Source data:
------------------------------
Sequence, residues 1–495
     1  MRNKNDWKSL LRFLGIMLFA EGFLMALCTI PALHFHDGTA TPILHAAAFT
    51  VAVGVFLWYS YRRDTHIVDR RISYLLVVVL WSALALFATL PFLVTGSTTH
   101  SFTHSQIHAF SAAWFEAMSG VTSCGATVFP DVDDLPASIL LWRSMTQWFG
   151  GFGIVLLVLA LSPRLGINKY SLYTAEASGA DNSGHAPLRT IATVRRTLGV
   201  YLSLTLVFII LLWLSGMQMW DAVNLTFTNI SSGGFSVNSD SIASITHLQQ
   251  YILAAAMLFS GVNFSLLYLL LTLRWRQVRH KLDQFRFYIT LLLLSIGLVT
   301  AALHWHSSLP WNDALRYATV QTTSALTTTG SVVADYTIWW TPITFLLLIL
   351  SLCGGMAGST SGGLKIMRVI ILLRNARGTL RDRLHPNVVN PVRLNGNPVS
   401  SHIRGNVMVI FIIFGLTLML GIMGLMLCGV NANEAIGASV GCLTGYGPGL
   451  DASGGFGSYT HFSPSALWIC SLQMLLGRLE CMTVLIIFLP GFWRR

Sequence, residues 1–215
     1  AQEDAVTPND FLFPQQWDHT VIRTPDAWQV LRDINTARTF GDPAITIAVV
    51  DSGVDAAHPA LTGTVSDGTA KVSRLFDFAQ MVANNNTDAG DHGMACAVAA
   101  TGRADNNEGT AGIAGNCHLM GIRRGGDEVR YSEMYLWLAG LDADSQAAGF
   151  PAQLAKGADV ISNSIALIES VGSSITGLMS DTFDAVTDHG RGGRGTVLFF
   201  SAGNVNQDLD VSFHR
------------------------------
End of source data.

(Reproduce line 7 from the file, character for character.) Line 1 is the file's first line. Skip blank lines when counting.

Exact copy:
   251  YILAAAMLFS GVNFSLLYLL LTLRWRQVRH KLDQFRFYIT LLLLSIGLVT